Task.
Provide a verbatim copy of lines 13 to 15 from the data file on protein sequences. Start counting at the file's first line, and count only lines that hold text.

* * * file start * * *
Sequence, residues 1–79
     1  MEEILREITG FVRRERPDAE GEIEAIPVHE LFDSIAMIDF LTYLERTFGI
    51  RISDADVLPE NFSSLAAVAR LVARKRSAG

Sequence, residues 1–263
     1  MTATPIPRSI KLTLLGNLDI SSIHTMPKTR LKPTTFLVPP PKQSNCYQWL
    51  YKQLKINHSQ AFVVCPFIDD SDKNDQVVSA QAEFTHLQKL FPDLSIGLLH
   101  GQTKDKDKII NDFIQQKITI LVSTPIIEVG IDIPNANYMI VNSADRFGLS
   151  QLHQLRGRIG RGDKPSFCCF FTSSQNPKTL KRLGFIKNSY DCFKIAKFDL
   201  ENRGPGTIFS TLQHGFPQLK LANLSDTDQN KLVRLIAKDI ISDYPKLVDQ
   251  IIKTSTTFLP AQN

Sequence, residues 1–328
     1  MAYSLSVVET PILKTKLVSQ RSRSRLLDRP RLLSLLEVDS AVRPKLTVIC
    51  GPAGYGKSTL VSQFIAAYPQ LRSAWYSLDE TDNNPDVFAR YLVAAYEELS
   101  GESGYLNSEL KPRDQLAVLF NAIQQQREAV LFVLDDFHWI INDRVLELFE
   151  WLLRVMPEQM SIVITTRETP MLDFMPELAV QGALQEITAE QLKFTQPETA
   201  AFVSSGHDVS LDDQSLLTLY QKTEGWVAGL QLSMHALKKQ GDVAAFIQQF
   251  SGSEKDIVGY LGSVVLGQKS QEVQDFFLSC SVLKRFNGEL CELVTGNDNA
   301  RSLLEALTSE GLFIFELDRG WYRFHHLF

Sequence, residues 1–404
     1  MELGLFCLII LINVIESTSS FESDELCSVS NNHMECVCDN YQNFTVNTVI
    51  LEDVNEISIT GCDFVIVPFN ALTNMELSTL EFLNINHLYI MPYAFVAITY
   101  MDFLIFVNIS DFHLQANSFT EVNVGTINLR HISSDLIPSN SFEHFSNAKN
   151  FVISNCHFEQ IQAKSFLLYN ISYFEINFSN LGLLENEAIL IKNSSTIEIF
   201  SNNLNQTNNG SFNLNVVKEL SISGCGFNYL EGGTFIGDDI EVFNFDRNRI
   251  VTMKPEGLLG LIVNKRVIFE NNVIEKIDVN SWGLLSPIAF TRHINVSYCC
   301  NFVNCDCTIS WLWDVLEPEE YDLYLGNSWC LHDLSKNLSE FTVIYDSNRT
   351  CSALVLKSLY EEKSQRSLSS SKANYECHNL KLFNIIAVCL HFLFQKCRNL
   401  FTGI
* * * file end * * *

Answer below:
    51  GPAGYGKSTL VSQFIAAYPQ LRSAWYSLDE TDNNPDVFAR YLVAAYEELS
   101  GESGYLNSEL KPRDQLAVLF NAIQQQREAV LFVLDDFHWI INDRVLELFE
   151  WLLRVMPEQM SIVITTRETP MLDFMPELAV QGALQEITAE QLKFTQPETA